by Lindsey Funtik, Coordinator of Volunteer Ministries, Ashland First United Methodist Church, Ashland, Ohio.
During my first year of seminary, I thought that I could have it all. I was a full time master's student in a residential cohort and interning at a church in Ashland while also helping to lead Young Life in Bucyrus (a 45 minute drive). Papers and events and responsibilities had me stretched extremely thin, so I figured I would add something else on top of it-- I would become the Drama Director at my alma mater!
It was one of the most challenging seasons of my life and, though I struggled mentally and physically, I would not trade that experience for the world. As I directed the fall play and the spring musical, I learned so much and my students, my team, and our shared work were my joy. I made lifelong friends, got to flex my theatre muscles, and was constantly, lovingly reminded to breathe and drink enough water. My stint in WHS' auditorium will stick with me forever.
I was reminded of that stretch of rewarding exhaustion this week while doing my morning prayer meditation (Lectio 365 again-- please download and enjoy!). This week, the focus is on mission as it pertains to the story of Joseph in the book of Genesis. And guess what show I directed as our musical that fateful year…that's right! "Joseph and the Amazing Technicolor Dreamcoat!" Cue the refrain of "Go, go, go Joseph you know what they say…" You're welcome for the earworm.
For those of you who might not be familiar with Donny Osmond or Genesis 37, this story features Joseph, most loved by his father Jacob, and his band of brothers. Not only are said brothers rubbed raw by the fact that their father gave Joseph a special coat, Joseph proceeds to tell them about dreams he has which seem to suggest that they are all going to bow down to him. They are upset, plot to kill him, and, in a greedy last minute change-up, decide that they will just sell him into slavery instead. I find myself thankful that my brother and sister never took such deplorable action, annoying as I may have been.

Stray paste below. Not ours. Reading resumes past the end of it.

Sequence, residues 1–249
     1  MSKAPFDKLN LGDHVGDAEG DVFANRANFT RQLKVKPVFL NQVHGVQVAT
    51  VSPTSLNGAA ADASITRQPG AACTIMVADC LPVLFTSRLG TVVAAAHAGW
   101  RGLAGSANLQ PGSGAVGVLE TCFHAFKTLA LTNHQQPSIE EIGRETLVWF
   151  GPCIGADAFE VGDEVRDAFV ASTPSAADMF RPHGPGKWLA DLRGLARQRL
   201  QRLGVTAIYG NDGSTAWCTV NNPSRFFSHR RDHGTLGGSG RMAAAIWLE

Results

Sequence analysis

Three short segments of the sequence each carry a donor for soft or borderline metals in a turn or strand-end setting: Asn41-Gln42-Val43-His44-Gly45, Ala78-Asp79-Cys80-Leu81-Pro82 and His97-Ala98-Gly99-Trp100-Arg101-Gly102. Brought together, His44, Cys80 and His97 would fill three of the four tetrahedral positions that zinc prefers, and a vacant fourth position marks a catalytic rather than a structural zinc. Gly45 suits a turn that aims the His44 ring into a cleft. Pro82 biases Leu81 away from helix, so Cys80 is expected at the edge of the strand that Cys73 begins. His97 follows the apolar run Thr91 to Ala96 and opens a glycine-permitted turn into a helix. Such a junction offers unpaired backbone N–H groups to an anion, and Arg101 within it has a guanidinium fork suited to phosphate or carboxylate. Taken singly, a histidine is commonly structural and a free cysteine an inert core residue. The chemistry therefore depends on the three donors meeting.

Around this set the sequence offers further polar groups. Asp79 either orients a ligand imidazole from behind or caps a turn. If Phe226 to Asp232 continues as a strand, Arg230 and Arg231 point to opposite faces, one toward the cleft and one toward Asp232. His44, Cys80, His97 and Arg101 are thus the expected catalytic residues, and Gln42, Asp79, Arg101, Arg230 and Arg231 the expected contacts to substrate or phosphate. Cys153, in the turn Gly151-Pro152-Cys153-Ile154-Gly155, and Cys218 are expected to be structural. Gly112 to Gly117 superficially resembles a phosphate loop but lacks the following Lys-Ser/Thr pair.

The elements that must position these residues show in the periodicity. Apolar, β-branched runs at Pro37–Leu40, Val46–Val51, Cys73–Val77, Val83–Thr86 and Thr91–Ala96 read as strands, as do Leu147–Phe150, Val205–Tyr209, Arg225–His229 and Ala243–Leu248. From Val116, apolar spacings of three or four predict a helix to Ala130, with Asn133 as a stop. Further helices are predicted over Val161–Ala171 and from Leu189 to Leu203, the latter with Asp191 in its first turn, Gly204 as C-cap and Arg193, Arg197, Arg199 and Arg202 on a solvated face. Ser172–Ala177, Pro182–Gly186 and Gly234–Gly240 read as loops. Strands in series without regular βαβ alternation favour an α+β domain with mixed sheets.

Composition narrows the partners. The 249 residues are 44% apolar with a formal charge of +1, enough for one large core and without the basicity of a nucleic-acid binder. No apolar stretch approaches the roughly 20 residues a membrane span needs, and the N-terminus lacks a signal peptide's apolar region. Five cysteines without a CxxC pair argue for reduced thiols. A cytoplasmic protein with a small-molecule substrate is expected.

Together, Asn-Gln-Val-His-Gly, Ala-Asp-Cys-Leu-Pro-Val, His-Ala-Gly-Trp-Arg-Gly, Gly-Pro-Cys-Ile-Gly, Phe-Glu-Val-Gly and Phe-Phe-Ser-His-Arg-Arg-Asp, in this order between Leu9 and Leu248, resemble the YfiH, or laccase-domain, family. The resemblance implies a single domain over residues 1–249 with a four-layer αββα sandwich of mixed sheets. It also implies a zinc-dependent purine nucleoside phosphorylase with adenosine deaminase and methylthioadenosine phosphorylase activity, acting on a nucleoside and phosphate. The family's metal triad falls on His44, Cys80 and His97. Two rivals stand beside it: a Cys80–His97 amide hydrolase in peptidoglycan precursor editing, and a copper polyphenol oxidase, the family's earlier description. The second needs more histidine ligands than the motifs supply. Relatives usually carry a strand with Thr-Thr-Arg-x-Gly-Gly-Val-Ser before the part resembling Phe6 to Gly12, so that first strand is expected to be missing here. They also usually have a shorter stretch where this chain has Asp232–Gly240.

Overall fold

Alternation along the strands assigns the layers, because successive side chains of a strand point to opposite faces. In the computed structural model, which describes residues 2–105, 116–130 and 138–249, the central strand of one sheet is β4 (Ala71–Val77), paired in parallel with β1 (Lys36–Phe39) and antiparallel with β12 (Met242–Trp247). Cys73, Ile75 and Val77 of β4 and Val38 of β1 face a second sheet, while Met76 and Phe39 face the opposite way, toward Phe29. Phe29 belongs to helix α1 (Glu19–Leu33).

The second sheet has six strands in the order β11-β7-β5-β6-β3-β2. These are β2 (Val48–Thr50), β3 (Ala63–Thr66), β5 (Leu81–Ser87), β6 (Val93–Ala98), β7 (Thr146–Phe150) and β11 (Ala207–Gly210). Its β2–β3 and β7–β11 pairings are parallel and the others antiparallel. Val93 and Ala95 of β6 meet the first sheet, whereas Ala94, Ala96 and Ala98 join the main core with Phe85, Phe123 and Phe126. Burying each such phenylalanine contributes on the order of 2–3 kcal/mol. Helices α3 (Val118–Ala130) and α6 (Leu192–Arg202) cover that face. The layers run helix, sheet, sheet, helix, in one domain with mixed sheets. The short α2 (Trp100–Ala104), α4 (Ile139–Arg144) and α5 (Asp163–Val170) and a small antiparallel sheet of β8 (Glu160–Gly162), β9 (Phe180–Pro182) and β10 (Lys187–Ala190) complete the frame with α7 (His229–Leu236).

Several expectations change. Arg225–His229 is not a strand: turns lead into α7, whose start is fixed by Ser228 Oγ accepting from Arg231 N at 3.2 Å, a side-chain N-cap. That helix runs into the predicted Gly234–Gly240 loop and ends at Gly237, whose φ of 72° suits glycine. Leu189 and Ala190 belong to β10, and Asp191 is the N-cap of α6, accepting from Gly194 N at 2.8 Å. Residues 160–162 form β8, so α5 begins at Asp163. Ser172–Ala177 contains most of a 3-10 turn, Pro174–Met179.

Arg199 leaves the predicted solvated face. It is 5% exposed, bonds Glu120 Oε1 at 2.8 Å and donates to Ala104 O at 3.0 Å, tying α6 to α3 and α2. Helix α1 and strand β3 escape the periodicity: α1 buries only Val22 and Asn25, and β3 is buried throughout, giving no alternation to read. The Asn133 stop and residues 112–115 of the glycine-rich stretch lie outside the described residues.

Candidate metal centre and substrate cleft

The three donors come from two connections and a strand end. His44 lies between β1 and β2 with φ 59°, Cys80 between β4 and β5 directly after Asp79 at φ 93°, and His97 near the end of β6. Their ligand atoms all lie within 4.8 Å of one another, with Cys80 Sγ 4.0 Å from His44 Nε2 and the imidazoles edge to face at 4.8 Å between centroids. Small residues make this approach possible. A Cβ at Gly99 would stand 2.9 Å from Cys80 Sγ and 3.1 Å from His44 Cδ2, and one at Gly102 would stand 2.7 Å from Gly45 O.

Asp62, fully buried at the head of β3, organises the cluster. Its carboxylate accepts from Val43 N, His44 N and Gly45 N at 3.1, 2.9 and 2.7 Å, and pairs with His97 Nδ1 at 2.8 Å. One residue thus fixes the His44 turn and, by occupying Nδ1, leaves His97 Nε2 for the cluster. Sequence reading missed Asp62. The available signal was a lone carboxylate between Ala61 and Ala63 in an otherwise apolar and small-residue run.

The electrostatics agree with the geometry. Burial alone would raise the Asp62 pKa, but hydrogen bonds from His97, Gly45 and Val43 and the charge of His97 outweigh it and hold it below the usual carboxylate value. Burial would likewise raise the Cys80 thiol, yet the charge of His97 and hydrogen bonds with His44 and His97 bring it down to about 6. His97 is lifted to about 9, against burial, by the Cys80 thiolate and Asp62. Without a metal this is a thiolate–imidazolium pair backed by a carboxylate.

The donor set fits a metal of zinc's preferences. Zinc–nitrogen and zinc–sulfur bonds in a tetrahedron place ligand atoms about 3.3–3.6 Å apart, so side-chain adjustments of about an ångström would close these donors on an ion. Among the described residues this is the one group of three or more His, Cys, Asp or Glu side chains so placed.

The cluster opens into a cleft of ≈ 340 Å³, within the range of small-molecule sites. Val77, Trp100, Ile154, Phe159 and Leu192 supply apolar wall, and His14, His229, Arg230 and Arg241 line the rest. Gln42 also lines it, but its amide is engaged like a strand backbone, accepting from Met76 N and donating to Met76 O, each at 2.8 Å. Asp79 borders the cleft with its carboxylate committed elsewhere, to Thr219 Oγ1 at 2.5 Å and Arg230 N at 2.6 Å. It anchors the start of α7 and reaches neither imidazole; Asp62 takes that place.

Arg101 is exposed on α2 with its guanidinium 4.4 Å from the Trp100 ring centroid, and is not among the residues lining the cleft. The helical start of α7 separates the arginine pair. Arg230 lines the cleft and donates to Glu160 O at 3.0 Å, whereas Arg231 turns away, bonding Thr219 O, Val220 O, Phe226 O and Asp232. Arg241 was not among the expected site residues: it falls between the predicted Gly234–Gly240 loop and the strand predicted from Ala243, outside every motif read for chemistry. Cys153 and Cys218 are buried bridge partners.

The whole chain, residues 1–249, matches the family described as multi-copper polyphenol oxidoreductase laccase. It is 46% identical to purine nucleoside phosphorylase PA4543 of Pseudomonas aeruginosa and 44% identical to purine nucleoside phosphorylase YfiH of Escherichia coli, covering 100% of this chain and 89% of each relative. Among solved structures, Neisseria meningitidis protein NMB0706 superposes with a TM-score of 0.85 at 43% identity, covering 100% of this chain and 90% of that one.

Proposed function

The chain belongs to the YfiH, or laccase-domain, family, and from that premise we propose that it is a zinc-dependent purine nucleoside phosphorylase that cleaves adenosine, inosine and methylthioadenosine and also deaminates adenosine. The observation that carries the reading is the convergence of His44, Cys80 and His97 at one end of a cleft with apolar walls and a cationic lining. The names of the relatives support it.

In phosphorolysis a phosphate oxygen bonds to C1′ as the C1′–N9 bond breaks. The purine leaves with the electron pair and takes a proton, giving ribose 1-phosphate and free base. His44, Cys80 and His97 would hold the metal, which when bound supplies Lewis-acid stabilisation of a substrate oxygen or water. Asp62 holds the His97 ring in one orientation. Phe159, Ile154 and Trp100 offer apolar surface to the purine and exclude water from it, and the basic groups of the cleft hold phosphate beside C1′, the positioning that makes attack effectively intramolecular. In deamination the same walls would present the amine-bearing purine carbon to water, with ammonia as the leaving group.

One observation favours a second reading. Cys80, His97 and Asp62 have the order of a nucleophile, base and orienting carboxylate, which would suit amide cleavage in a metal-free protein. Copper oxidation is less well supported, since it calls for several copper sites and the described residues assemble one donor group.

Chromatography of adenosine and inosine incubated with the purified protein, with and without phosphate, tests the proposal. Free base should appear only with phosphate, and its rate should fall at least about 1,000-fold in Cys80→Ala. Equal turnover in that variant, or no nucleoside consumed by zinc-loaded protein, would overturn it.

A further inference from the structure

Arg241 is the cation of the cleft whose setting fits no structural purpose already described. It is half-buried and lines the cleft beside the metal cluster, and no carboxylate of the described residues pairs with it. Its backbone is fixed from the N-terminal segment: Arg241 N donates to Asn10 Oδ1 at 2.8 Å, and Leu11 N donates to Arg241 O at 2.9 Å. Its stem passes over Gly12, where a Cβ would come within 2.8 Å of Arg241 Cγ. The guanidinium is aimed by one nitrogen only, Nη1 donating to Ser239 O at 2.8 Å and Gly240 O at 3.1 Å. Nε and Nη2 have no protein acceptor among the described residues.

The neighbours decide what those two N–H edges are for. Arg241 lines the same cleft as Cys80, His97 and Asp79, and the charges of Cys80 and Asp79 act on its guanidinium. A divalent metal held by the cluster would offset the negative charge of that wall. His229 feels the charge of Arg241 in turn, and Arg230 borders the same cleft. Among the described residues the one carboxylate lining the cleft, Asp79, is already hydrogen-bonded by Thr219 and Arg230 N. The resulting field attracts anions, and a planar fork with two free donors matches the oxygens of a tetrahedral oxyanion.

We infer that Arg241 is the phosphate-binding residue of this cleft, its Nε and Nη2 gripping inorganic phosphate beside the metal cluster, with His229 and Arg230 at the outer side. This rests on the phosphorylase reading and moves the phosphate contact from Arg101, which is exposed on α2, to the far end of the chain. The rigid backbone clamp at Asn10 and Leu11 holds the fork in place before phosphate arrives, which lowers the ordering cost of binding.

The story goes on to recount Joseph's rise through the ranks of Egypt and the eventual mercy that he has on his scheming family, but today I am focused on those brothers. We look at them with contempt, and rightfully so, as what they did was horrible. Once, while directing, I forced the boys cast as brothers to sing "One More Angel In Heaven", which is a light number in which they inform Jacob of a fictionalized version of Joseph's death, while I was also yelling at them the truths of what they had done. This was to signify the regret that was settling on them, even when they were sticking to the plan. It made them less one dimensional; I was rather proud of that one.
Anyway, while the brothers are cast as villains, I want to call us out on that a bit. Raise your hand if you struggle with comparison. How about envy? Jealousy? Have you ever desired to see someone fail because you feel threatened by their success? Insecure humans as we are, I think that we all have had the same sort of feelings that cause us to spiral out of control just like Joseph's brothers. Maybe you get passed over for a promotion, or your ex moves on, or you scroll through social media and lose count of the engagement, wedding, and pregnancy announcements that assault your news feed. It might look different for each of us, but I do believe that we all, to a certain extent, know what it is to be troubled by the good fortune of others.